“We are deeply saddened by the images and the hardships these people are enduring. Families with children are stranded at the border. However, it is also very important to understand what these images represent. These are not simply migrants and refugees. They are people who are being instrumentally used by a governing regime.” Monsignor Gintaras Linas Grušas, archbishop of Vilnius and new President of the Council of European Bishops’ Conferences, does not mince his words to describe and denounce the crisis at the Belarusian-Polish border, where some 4,000 migrants – most of whom have fled Syria and Iraq – are gathered in camps near Kuznica. He adds: ‘They are trafficked for political purposes and used as human shields for political gain and to destabilise the situation at the EU border.
This aforementioned operation is known as a hybrid attack, because it uses non-traditional weapons (trafficking in persons, disinformation and other means) to target the integrity of other countries’ borders.”
Who are the people along this route to Europe?
I have spoken to some of the refugees. Many are fleeing horrible situations in their home countries. Many have witnessed the horrors of war, even their family members killed before their own eyes. Some are fleeing religious persecution. Others are in search of a brighter future. There are also students from African countries who were offered the opportunity to study in Belarus. When the Lukashenko regime decided to undertake this step in order to create a border crisis with the European Union, it caused a price increase in dorms for these foreign students to such an extent that they could no longer afford to pay the rent. Thereupon, they were granted the option of returning to their home countries or “going to the EU”.
What happens then?
When faced with that choice, they normally choose to leave for the EU, not realising that they are being placed in a difficult situation. In fact, government officers bring them to the border and let them through. Those caught trying to cross the border illegally are sent back, but they are not allowed to return to Minsk or anywhere else. They are detained at the border by armed Belarusian officers who use dogs to prevent people from escaping to safety. Furthermore, the Belarusian government is arranging flights to Minsk with the promise of an entry opportunity to the European Union.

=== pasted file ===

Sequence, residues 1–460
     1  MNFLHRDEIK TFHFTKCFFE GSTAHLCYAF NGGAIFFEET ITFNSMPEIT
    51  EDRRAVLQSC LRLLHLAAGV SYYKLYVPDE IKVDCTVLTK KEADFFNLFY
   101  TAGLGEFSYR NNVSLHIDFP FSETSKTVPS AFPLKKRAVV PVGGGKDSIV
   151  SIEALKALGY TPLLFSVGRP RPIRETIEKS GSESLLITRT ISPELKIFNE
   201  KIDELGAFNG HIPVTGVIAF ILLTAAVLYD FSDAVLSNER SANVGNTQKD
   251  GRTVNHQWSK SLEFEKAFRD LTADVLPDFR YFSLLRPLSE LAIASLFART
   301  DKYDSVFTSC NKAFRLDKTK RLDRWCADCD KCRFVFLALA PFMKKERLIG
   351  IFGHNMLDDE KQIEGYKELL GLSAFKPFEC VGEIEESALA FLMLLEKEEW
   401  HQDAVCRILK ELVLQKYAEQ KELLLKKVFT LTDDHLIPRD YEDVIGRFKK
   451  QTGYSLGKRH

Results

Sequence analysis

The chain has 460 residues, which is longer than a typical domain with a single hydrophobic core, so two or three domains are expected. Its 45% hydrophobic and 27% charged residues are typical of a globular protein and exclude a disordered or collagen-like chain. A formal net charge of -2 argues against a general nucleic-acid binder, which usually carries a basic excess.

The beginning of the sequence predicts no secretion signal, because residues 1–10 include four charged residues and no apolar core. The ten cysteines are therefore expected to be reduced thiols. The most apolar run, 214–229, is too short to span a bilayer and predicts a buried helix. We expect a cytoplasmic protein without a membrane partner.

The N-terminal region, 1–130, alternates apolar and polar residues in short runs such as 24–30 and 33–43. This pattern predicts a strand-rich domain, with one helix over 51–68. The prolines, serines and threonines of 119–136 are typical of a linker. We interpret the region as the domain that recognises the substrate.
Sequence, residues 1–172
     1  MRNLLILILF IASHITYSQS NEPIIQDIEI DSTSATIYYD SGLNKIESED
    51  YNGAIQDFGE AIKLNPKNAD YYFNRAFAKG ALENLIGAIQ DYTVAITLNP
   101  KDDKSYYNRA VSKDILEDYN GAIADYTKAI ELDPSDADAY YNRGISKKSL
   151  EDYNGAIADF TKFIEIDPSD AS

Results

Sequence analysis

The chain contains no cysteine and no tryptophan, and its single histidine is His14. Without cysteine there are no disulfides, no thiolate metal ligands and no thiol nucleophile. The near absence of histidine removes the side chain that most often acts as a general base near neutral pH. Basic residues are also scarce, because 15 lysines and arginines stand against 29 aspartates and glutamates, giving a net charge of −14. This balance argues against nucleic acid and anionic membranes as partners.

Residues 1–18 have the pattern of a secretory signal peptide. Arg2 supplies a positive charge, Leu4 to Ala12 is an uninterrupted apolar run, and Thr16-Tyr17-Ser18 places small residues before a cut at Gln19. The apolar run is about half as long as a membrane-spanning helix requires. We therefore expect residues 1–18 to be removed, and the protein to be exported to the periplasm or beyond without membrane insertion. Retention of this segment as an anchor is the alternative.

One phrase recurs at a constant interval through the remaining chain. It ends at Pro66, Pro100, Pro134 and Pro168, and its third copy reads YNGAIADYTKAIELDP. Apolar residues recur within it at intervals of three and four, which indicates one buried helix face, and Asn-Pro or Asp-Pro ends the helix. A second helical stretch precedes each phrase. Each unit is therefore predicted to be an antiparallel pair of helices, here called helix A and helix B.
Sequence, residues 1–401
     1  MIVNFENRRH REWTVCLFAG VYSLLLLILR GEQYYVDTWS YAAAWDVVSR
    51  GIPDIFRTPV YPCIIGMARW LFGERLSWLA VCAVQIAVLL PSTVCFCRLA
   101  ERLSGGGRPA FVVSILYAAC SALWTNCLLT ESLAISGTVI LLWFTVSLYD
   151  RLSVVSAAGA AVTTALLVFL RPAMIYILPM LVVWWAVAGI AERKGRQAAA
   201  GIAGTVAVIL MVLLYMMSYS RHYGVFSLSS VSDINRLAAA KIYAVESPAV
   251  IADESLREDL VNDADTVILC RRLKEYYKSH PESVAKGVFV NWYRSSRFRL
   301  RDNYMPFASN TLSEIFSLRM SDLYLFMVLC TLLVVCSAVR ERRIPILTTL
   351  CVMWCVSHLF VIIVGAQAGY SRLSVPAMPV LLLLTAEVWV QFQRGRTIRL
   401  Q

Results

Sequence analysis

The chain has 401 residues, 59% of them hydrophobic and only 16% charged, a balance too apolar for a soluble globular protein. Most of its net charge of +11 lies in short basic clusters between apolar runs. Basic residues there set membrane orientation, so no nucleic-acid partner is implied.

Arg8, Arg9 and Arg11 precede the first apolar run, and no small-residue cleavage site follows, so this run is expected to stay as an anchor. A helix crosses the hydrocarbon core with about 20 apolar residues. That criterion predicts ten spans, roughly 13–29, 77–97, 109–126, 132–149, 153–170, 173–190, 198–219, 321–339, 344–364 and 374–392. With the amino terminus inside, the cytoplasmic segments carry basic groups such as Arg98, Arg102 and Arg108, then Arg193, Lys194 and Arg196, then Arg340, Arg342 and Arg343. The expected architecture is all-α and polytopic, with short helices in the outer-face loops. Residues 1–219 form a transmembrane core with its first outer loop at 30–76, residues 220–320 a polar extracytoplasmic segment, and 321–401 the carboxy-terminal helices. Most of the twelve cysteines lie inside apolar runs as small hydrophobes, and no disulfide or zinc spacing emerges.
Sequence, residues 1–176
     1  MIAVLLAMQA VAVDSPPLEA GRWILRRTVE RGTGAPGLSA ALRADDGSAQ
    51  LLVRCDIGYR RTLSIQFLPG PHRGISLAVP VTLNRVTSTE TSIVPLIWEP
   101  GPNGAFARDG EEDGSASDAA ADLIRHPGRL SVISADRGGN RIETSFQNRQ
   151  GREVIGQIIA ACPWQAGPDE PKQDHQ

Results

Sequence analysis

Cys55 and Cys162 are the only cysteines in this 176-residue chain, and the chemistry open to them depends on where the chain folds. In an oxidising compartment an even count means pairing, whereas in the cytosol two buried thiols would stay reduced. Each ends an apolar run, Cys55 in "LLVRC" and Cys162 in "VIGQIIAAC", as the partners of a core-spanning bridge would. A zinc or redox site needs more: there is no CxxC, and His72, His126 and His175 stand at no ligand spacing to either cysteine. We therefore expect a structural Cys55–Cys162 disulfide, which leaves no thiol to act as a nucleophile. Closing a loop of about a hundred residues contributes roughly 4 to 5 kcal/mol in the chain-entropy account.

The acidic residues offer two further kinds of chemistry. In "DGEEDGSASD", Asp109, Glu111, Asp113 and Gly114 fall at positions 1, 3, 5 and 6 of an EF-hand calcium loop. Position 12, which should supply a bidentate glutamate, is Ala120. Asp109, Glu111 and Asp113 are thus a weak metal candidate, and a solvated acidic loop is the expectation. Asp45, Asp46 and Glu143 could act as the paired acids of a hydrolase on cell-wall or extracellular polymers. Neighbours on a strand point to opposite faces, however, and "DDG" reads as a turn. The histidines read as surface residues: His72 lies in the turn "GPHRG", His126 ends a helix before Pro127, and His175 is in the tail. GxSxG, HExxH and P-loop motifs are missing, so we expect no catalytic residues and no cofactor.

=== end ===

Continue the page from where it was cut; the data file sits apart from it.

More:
Many people, not realising that they are being manipulated, accept the offer in the hope of a brighter future.
Why are they targeting migrants?
Everything is coordinated by the Belarusian authorities with the aim of securing a bargaining chip in negotiations with the European Union to lift the sanctions that have been imposed in connection with the regime’s previous activities. Belarusian eyewitnesses say that migrants arriving in Belarus as tourists are picked up by border guards in Belarusian cities and taken to the border with the European Union.
This is a new form of trafficking in persons, which is an internationally recognised crime, but in this case the goal is not personal financial profit, but political gain in order to perpetuate an authoritarian regime.
Would you like to launch an appeal to political leaders?
In order to understand the scope for launching an appeal to political leaders, one must remember the situation in Belarus. There are many innocent people being tortured, persecuted and imprisoned in Belarus. This is happening on the borders of Europe and to people fighting for Western values and freedoms.
The Lukashenko regime has taken its own population hostage and is now using refugees as hostages and human shields.
Caritas and other humanitarian organisations in Lithuania are actively cooperating with the government not only in providing assistance to persons who have crossed the border and are housed in migrant centres, but also to deliver aid packages to those stranded at the border.
What is the best way to address this problem?
First of all, it is of the utmost importance to provide assistance to migrant people. Fundraising efforts have been made in Lithuania to help migrants both through parishes and directly by Caritas. However, the situation is far more complex than a migratory or refugee issue, and it requires international political community intervention to put an end to this non-conventional military action and this form of illegal human trafficking for political gain. The time for mercy is now.
Christian solidarity with those in need is of the utmost importance in order to help people stuck in migration centres and at the border, but also and more importantly to help those caught in the snare of this new form of trafficking in human beings.